The Israeli public and interested parties abroad have also been exposed to a battery of inaccurate or patently false assumptions. For example, Israeli commentators subscribe to the myth that insurgencies invariably win despite Professor Joes' historical examples to the contrary. The Boer uprising, Greek communists in the late 1940s, Huks in the 1950s Philippines, Malaya (1950s), Tibetan resistance, Venezuela (1970s), Thailand (1970s and 80s) and most recently Tamil defeat in Sri Lanka are all examples of failed insurgencies. Nevertheless, the "brilliant" Israeli establishment has recognized the PLO and 'Palestinian Authority' as legitimate representatives of the "Palestinian people" although there is no distinct Palestinian, history, language or culture. The "Palestinians" are Arabs backed by the Arab League because they are Arabs.

Advocates of a two-state solution simply ignore the fact that Jordan is really Palestine, Gaza is a mini Palestinian state dedicated to Israel's destruction and a full 20% of Israel's own population is (by their own definition) "Palestinian". It is easier to find Palestinian flags in Israeli Arab towns than locate Israeli ones there.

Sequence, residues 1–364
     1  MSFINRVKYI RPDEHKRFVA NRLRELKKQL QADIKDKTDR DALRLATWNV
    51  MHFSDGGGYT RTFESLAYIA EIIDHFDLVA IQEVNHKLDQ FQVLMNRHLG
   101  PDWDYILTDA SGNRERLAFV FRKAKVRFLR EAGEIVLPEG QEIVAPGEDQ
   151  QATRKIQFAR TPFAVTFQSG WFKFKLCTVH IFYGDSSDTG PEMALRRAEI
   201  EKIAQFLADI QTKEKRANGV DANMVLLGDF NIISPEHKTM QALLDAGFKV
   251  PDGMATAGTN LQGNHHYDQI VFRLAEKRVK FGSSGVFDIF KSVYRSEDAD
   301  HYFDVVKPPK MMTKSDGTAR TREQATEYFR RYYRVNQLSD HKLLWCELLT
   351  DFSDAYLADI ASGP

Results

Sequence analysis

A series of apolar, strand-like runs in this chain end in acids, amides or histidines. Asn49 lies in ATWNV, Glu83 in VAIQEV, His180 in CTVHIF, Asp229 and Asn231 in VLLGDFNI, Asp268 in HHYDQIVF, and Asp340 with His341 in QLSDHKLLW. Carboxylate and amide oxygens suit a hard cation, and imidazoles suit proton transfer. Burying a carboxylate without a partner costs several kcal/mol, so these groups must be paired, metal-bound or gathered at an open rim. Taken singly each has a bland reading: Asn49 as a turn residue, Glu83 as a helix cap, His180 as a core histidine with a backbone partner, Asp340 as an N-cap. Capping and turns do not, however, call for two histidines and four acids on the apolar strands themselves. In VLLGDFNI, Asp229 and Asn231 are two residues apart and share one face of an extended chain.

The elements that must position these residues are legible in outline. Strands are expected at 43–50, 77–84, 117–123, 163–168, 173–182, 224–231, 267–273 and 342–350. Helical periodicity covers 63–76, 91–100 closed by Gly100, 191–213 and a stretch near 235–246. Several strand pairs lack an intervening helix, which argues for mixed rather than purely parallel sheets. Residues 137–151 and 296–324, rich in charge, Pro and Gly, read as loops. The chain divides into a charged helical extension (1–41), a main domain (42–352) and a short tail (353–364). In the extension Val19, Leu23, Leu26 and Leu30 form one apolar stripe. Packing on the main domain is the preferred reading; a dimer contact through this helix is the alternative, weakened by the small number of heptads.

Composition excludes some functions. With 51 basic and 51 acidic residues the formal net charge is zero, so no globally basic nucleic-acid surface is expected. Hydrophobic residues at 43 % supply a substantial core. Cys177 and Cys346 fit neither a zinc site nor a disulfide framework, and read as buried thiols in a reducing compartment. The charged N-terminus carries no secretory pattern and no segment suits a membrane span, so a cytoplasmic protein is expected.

President Obama and many Middle East specialists accept the dictum that the current status quo is unsustainable. In reality, the status quo is just fine. Ninety percent of the "Palestinians" of Judea and Samaria enjoy full autonomy, Israel's "Palestinians" are full-fledged citizens, Gaza is occupied only by independent "Palestinians" and the Jewish majority in Jerusalem has a united capital wherein anyone can go anywhere he or she chooses. And Jews living in Judea and Samaria can continue to lead normal lives in our ancestral homeland. Any deal (which politically is almost impossible from any perspective) would not create a situation that is any better than the current status quo.

Another popular myth is that the Israeli-Arab or Israeli-"Palestinian" conflict is the greatest obstacle to peace in the Middle East.. In truth, al-Qaeda terror cells operating in various Arab countries (and Turkey), serious disputes over scarce water resources, Sunni-Shiite mutual resentment, Iranian threats to disrupt oil shipments in the Gulf, the suppression of Kurds in Turkey and Syria as well as the potential for ideologically-driven civil wars in Egypt and elsewhere are far more threatening than the situation in Israel.

One last point, if "President" Abbas (his term expired in January 2010) and his unelected Prime Minister Fayad really wanted to create a Palestinian state then they would be pressuring Israel and the US for direct talks. However, illogically, it is these "Palestinian" leaders who refuse to enter into direct negotiations.

Obviously, the world is still flat, especially in the Middle East. Often, observers (i.e. Israel's excellent scholars of Islam and Arab culture) who point out absurdities are either ignored or branded "radical right". Much of the problem derives from politicians and media masters who feed us misinformation, false assumptions and myths. Facts that contradict politically correct beliefs are disregarded.

1 August 2010